Coinciding with the launch of advance ticket sales for its October 21 public opening, AN was invited earlier this week to ascend Summit One Vanderbilt, a vertiginous attraction located in the uppermost reaches of Midtown Manhattan’s tallest non-residential skyscraper. Designed by Kohn Pedersen Fox (KPF), the terra cotta-clad supertall office tower opened in September of last year and is New York City’s fourth-tallest building overall with its antenna reaching 1,401 feet.
It’s easy to draw immediate comparisons between Summit One Vanderbilt and Edge, a cantilevered observation deck extending from the 100th floor of KPF’s 30 Hudson Yards that debuted just ahead (and then almost immediately shut down) COVID-19 pandemic in March 2020. Both are cloud-brushing, pulse-quickening Instagram meccas over 1,000 feet in the sky with similarly elevated admission prices (adult tickets for Summit One Vanderbilt range from $39 to $73 and there’s a $10 sunset surcharge).
However, the 65,000-square-foot Summit One Vanderbilt—billed as the “world’s most immersive observatory experience”—is an entirely different creature. The attraction is a multisensory, multilevel experience (Snøhetta executed the interiors) that’s either more entrancing or more terrifying than Edge, depending on how one processes extreme heights.
Similar to Edge, the panoramic views from Summit One Vanderbilt are stupendous, albeit different. Whereas the views from Edge, which floats above the far-western fringes of Manhattan in Hudson Yards, are no doubt expansive, One Vanderbilt is situated in the dense heart of Midtown, dwarfing nearby landmark skyscrapers including the MetLife Building, SOM’s 383 Madison Avenue, and, most notably, the Chrysler Building. In turn, visitors are afforded more intimate views of the city but at over 1,000 feet above the street.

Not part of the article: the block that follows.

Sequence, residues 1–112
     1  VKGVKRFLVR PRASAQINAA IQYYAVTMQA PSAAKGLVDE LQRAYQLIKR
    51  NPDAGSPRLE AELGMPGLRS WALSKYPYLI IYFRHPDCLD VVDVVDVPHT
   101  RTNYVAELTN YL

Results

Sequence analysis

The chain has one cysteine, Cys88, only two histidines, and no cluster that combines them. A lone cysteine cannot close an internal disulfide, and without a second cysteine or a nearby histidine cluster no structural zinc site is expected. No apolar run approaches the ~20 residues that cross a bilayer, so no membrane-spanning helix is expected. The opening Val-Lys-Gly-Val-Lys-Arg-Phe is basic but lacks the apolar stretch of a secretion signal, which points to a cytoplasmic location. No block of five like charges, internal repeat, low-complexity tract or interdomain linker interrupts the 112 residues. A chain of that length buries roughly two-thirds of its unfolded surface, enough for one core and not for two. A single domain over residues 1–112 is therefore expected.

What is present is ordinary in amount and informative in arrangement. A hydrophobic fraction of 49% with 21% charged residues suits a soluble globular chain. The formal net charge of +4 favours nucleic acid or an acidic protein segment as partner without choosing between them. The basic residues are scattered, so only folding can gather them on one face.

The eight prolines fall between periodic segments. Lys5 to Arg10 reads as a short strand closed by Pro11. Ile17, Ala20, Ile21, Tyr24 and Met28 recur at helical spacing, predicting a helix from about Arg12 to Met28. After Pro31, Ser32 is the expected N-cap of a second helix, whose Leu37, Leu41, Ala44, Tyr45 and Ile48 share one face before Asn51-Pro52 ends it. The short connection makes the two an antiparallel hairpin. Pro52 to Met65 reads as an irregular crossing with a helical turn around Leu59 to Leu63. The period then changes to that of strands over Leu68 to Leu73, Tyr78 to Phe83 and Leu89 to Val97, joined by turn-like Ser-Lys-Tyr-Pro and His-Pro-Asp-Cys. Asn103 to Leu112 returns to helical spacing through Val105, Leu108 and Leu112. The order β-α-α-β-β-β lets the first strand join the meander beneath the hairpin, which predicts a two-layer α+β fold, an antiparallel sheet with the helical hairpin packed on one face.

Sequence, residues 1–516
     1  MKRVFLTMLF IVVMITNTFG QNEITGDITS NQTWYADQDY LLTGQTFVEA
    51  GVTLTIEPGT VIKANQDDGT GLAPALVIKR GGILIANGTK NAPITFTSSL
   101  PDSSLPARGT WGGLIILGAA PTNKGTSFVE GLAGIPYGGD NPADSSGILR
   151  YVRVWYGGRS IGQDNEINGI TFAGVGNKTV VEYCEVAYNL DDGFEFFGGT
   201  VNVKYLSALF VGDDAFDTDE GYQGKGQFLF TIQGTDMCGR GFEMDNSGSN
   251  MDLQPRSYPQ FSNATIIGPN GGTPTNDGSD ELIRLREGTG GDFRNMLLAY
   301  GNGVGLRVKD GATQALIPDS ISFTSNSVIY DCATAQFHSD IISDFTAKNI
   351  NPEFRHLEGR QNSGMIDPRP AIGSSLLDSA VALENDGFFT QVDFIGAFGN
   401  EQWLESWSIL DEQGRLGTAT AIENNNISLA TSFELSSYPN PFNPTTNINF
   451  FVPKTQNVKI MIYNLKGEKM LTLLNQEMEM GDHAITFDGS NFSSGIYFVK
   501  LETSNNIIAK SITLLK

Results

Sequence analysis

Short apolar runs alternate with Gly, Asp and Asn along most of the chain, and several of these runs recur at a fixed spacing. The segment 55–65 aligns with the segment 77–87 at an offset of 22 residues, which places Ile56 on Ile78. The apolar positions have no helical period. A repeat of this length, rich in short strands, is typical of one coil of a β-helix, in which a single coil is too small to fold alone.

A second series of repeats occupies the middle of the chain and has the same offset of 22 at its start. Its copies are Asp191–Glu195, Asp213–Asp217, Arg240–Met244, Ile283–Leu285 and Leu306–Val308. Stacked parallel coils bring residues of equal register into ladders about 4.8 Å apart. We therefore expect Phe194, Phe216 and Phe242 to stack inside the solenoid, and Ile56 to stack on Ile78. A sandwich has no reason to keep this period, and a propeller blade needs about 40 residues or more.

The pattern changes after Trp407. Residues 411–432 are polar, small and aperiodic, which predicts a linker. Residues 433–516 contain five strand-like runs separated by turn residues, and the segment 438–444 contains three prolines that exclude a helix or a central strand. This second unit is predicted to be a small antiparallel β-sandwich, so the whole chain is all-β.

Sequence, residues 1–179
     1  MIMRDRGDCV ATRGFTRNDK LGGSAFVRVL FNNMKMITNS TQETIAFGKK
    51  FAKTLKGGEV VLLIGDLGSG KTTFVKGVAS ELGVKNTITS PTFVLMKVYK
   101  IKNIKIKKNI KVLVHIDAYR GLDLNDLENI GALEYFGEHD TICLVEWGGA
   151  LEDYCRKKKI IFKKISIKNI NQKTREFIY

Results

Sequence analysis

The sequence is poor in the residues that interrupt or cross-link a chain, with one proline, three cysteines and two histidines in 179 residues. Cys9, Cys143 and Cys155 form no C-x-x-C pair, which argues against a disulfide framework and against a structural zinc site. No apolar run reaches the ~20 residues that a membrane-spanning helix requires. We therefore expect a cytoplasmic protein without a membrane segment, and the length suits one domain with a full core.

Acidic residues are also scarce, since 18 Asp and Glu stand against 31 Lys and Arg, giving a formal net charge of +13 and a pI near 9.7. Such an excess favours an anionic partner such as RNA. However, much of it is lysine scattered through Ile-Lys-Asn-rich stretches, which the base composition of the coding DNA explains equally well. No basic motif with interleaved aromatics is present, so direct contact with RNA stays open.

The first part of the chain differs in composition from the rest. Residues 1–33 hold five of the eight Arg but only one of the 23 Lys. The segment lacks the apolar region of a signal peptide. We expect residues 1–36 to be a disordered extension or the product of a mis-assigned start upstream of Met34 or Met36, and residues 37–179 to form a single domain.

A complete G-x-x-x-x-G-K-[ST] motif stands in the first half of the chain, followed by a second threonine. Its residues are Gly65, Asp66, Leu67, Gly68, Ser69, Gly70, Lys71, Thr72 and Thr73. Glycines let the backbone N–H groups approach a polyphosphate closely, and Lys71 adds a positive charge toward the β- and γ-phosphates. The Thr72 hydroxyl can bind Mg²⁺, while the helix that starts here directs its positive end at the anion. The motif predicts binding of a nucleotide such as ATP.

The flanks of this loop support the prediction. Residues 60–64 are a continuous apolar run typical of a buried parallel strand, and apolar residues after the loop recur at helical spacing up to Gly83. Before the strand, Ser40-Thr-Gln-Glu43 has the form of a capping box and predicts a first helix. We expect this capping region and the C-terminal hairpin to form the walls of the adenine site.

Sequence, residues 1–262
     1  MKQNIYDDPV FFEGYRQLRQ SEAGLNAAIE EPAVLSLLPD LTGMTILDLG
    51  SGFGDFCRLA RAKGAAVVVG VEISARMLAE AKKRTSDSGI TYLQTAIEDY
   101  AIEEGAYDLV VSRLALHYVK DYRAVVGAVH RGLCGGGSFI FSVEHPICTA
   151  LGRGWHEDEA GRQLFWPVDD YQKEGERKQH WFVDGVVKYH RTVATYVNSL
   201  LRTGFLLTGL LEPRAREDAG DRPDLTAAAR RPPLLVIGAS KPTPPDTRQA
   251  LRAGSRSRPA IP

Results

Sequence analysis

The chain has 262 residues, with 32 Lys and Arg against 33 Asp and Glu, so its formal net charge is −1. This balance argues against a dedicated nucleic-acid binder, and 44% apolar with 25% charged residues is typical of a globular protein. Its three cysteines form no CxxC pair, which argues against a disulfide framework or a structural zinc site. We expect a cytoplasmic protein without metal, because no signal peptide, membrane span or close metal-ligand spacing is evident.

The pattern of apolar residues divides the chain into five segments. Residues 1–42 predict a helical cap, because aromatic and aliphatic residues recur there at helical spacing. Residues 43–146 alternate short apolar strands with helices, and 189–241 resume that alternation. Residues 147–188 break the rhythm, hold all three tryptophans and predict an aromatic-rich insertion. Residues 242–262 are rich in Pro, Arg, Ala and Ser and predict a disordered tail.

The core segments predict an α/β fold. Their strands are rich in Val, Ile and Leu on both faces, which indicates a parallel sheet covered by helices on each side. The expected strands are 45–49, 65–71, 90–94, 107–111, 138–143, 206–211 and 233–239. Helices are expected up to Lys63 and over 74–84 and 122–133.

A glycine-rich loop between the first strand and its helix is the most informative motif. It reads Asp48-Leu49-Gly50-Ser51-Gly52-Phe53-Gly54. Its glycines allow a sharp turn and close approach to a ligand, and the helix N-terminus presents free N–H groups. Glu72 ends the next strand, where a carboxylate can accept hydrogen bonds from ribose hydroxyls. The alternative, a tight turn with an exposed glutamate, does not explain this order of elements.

The differences between the two attractions begin at their entrances. The journey up to Edge begins on the fourth floor of a luxury shopping mall, and to reach the elevator bank beyond the ticketing booth visitors walk through a winding corridor with sound and light effects that lends the queueing process with a distinctly Disney theme park-esque vibe. The rather enigmatic start of Summit One Vanderbilt, on the other hand, originates in a subterranean lobby space directly adjacent to a new 4,000-square-foot transit hall that connects Grand Central Terminal and its adjacent subway hub. (The transit hall, along with an adjacent street-level pedestrian plaza flanking One Vanderbilt, was developed as part of a $220 million transportation and infrastructure investment borne from a private-public partnership between One Vanderbilt developer SL Green and the Metropolitan Transportation Authority). Because the Summit One Vanderbilt experience begins underground amidst the hustle and bustle of a major transit hub with the rumble of subway trains clearly audible in the distance, the transportive nature of the experience is even more impactful than if it were to originate aboveground in the skyscraper proper.